Chat with Liz Thach, MW
Distinguished Professor of Wine, Sonoma State University
What drew you into the wine world—nature, science, art, business or something altogether different?
Nature, for the most part. I grew up with a love of the wild, most likely because my father is a wildlife biologist. So the beauty of a vineyard is very attractive to me, but I also am in awe of the trilogy of Mother Nature, science and art that come together in crafting a great bottle of wine.
How would you describe the main thread that weaves together your talents and interests—teaching, judging, consulting and writing?
The main thread is writing. Sometime I feel I cannot breathe without writing; however, it can be very frustrating when the words do not flow. Teaching is also a great joy. Interacting with my students gives me energy and keeps me young. Wine judging and consulting are nice benefits of being a wine professor, writer and researcher.
You have visited the major wine regions of the world. How does Sonoma County compare?
There are so many beautiful wine regions of the world. Some which stand out for me are South Africa, Argentina, Central Otago in New Zealand, Bandol in France, Piemonte in Italy, and the Kakheti Valley in Georgia. However, when it comes to pure beauty, friendliness and great wine, there is no place more beautiful than the Sonoma-Napa region of California.
What is one of your favorite memories in which wine was involved?
Most of my great memories with wine involve sitting down with friends for a long lazy meal with several bottles of wine. I still remember a 5-hour lunch in St. Emilion, France where we drank incredible red Bordeaux with stuffed river eel—a specialty of the region. There is something about bringing together wine, too, and friends (even people you don’t know, who will become friends by the end of the meal) that can create the most sublime times in life filled with joy, beauty and living completely in the moment.
You are a full-time professor of Wine Business and Management at Sonoma State University’s Wine Business Institute. What is the most important lesson you have shared with your students?
I think one of the most important lessons of the global wine industry is that it truly is one big family. Where most of the world is six degrees of separation, wine is two. You will always find someone who knows someone else who can introduce you. Therefore networking is very important, and never burning any bridges. It is also important to recognize that wine attracts very passionate and talented people, but at the same time you must work very hard to make a profit.
You were also appointed the first-ever F. Korbel & Brothers Professor in Wine Business, and last year were awarded the first-ever CSU title of Distinguished Professor of Wine. How have these appointments furthered your department’s vision to be the global leader in wine business education?
Both titles have been a great honor, and I am very grateful for visionaries in our local wine industry, such as Gary Heck, CEO of Korbel, who have helped to propel SSU’s Wine Business program forward from a small local one to one that now has global recognition. As I write this, I’m in Europe visiting with wine professors from universities in France and Germany to discuss additional partnership opportunities. This is because part of my role as Distinguished Professor of Wine is to serve as a global wine business ambassador for SSU.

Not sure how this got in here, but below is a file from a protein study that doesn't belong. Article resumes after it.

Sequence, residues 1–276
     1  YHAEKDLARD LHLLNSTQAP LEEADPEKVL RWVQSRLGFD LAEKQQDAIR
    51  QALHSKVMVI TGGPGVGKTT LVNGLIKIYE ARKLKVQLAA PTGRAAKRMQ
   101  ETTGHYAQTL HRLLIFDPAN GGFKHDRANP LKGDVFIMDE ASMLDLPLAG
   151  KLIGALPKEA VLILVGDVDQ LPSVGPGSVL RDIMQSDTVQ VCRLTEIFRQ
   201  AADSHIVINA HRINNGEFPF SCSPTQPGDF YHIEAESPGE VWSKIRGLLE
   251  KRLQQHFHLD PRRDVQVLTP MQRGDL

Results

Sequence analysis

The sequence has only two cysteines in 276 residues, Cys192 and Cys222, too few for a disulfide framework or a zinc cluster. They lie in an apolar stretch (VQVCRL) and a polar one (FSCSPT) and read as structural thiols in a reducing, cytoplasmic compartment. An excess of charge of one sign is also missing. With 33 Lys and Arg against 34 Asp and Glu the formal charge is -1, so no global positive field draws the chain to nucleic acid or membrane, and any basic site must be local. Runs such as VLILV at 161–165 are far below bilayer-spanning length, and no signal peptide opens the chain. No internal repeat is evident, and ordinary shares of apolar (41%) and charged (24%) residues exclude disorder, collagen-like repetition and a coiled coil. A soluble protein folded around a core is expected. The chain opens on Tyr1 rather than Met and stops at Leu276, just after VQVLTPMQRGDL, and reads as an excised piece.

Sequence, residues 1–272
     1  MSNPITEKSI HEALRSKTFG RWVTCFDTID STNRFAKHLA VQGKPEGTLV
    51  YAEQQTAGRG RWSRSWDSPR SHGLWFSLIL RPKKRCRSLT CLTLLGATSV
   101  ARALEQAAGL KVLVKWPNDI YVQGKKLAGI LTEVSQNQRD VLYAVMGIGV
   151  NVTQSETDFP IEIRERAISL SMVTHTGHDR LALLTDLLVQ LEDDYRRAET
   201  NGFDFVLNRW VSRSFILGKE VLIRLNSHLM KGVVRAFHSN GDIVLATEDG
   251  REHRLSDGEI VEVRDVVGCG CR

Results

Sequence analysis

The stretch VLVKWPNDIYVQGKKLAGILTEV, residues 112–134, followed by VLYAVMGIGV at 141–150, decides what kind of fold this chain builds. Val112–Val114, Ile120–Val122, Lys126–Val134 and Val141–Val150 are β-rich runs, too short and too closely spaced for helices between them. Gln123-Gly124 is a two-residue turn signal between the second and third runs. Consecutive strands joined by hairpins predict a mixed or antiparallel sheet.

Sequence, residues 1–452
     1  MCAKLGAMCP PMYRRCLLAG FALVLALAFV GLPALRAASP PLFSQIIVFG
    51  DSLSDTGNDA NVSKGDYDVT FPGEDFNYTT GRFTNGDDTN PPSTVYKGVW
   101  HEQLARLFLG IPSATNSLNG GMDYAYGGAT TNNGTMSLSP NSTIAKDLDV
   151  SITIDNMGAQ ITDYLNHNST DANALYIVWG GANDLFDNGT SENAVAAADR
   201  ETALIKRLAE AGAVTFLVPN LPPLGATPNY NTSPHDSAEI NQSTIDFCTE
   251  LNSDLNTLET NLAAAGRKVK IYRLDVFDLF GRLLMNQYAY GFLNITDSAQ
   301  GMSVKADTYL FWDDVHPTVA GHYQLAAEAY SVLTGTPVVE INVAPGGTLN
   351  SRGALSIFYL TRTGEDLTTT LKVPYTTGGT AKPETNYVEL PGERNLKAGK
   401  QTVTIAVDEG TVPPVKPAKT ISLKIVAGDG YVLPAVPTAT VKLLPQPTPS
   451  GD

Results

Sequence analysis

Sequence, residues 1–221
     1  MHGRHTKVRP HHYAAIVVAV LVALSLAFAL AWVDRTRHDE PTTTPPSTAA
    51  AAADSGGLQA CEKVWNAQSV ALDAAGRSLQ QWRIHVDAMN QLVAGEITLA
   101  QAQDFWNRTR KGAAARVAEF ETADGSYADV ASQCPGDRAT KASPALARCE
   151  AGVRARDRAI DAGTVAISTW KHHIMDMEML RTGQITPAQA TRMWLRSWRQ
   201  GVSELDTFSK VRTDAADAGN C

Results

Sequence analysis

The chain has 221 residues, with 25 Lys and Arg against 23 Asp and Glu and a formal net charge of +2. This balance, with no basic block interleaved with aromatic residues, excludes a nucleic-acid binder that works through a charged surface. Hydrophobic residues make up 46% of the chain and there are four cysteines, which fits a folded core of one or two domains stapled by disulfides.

Upon being awarded the Master of Wine title in 2011, you received the prestigious title of being the first female MW on the West Coast. Please explain the role of MWs to those who aren’t involved in the wine industry, and share how this designation opened your eyes to the global wine industry.
Obtaining the title of Master of Wine (MW) was one of the most challenging processes I have ever completed. Considered to be the most rigorous wine exam in the world, taking four days to complete during which you must taste and identify 36 wines blind and write 13 wine essays, there are only 40 MWs in the US, compared to 147 Master Sommeliers (MS). Becoming an MW has provided many more opportunities for me, and it has allowed me to expand my global wine knowledge, which I can then share with my students and community.
What remains on your professional and/or personal “bucket list?”
Even though I have visited 37 countries to date, there are still new wine regions that I want to explore and new wines to taste. This is one of the joys of wine—it never gets boring! For example, I still want to visit the wine regions of India and Thailand.
Tell us about your hobby vineyard and garagiste winemaking?
One of my life-long dreams was to plant a vineyard and make a little wine, so in 2002 I installed a small hobby vineyard of 120 vines on the foothills of Sonoma Mountain in the Petaluma Gap region. I make Pinot Noir, a rosé of Pinot Noir and a little Sauvignon Blanc. Several of my neighbors also have hobby vineyards, so we pooled our money and purchased winemaking equipment, which we share. The best part is the rotating dinners we host, where we tour each other’s vineyards and then sit down to a very fun and lively evening to try our different wines and share a potluck.
What recommendations do you have for wine and food to enjoy during the holidays?
I’m one of those people who believe people should drink the wine they love, and not get stressed over what food to pair it with. According to Tim Hanni, MW, just add the right seasoning to the food and it can go with any wine.
One of my favorite discoveries upon moving to Sonoma was the tradition of having Dungeness crab with Thanksgiving and Christmas dinners. I had never done this before, and I love crab, so now I always buy several crabs and make crab cakes as an appetizer, which I serve with local sparkling wine, and then also make crab bisque for one of the courses and serve this with a light Pinot Noir. Heavenly! SD